Inside the Remix: Deconstructing T.H. White’s “How Bad do You Want Remixes”
August 20, 2012 by David Weiss
Last year, the adventurous NYC electronic producer T.H. White knocked our socks off with his hallucinatory album How Bad Do You Want It?
Now he’s back to bedazzle our brains some more with the just-released How Bad Do You Want Remixes. Since we were already fascinated with the music, for Remixes we were extra-fascinated by the workflow. We wanted to know: How did this EDM specialist with a flair for the surreal pick his remixers? How did he choose which tracks they should tackle? And yet more privileged info.
Here, T.H. White goes inside three of the five selections on his new EP, which comes out today. Listen along right here via the convenient SoundCloud stream, and you’ll understand exactly what this inspired artist was thinking.
Track# 1 Extra Sensory (Dub City remix)
– Why I Remixed It: I felt that since the original version of this track is such a tour de force of energy and rhythm, that there was a lot to pull from. I knew that accentuating and re-working some of the existing layers of this track and adding in some additional elements, something totally new yet equally powerful could emerge – which I feel did happen.
– Picking the Remixer: Dub City is a side project of mine that I use when collaborating with different producers and sometimes when remixing other artists. It allows me to take a different approach to the process. I am aiming to release a Dub City full length next summer – so it was a natural fit to incorporate that vehicle in this project.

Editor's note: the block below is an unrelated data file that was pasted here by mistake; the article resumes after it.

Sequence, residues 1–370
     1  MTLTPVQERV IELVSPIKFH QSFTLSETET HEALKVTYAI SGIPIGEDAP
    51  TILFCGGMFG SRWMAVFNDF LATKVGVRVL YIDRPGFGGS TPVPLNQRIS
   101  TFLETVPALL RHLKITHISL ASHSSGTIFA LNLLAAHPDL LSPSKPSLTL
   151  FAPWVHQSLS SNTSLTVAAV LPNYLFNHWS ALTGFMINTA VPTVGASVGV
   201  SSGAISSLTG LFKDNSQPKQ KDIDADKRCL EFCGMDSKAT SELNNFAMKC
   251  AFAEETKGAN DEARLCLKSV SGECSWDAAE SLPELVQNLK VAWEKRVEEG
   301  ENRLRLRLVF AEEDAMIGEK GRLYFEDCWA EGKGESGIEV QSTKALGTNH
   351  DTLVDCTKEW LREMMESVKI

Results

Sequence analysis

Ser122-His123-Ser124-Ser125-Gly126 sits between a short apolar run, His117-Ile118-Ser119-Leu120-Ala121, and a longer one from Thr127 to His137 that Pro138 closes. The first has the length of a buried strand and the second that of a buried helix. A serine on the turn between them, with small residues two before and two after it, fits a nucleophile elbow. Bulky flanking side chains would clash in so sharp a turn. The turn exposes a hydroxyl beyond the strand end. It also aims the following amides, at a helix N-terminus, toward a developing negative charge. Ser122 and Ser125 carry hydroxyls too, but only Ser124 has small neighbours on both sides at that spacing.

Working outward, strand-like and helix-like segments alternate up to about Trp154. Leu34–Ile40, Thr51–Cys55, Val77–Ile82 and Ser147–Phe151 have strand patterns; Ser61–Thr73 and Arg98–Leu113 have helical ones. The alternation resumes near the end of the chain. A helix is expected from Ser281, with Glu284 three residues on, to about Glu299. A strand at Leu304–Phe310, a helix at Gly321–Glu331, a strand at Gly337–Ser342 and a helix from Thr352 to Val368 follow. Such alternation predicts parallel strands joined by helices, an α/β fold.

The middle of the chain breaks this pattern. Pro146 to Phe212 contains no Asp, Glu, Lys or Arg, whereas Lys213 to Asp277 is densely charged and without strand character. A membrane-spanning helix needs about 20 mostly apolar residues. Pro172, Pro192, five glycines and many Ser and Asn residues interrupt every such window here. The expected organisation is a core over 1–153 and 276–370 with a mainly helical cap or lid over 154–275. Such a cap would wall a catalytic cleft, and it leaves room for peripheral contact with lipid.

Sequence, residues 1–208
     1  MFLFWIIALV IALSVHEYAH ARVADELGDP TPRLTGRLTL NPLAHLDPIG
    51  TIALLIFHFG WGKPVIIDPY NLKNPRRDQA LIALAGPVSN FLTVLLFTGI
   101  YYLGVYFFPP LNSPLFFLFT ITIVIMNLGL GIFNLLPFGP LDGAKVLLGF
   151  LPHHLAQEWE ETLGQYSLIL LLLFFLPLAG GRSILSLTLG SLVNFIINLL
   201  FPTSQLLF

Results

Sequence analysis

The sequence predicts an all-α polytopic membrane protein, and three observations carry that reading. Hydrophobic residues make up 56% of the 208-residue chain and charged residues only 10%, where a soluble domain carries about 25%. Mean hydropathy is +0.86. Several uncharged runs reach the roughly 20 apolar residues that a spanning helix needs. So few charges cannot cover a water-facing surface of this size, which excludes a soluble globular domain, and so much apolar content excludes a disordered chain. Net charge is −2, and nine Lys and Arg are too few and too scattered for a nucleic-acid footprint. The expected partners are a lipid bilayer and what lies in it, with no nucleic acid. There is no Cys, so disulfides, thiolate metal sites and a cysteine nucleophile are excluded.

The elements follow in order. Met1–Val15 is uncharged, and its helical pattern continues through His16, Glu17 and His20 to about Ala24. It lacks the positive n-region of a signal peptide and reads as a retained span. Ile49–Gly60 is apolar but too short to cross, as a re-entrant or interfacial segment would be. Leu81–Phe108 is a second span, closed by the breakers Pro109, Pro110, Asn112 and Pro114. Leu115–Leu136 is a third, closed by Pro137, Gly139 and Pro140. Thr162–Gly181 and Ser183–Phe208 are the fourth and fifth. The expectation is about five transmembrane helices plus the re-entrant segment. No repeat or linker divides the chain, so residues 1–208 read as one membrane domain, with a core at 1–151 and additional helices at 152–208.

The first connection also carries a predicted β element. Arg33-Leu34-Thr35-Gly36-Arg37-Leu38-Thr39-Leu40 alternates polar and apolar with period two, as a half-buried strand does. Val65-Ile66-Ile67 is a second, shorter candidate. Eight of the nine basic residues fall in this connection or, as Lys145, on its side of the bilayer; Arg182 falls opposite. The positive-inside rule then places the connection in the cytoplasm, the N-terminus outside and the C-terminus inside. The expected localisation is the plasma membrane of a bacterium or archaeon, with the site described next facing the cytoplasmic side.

– Advance Planning: I set out to showcase some of the cool elements that ended up playing a more supporting role in the original mix. For example, the vicious bass line that opens up the remix isn’t featured until halfway through the album cut, so I definitely wanted to build things up around that. I re-filtered a couple of the more subtle synth parts and really brought them out front. I really like the new picture it painted. It tells a new story with the characters you know.
– How It Went Down: Since this was a “remix project”, I decided to work in a few different studios (other than my own Sky Council Studios) and run things through new gear, be in a new space etc. I worked quite a bit at Engine Room Audio here in NYC. They’ve got the million dollar SSL console and tons of high end gear. My experience is that each piece of outboard gear naturally favors different frequencies and tones. Pairing the equipment / instruments you are using with the tube compressors and channels that will bring out their best can really help bring more richness and depth to record making. Since Dub City is my outfit – I used new environments and gear as a form of remixer.
– The Outcome! The track smokes and sets the tone for the rest of the EP nicely. I enjoy that the rawness and power of the original carried over, yet the remix has a more delicate and floating feeling.
Track #2 Music Machines (Certain Creatures Cloned Remix)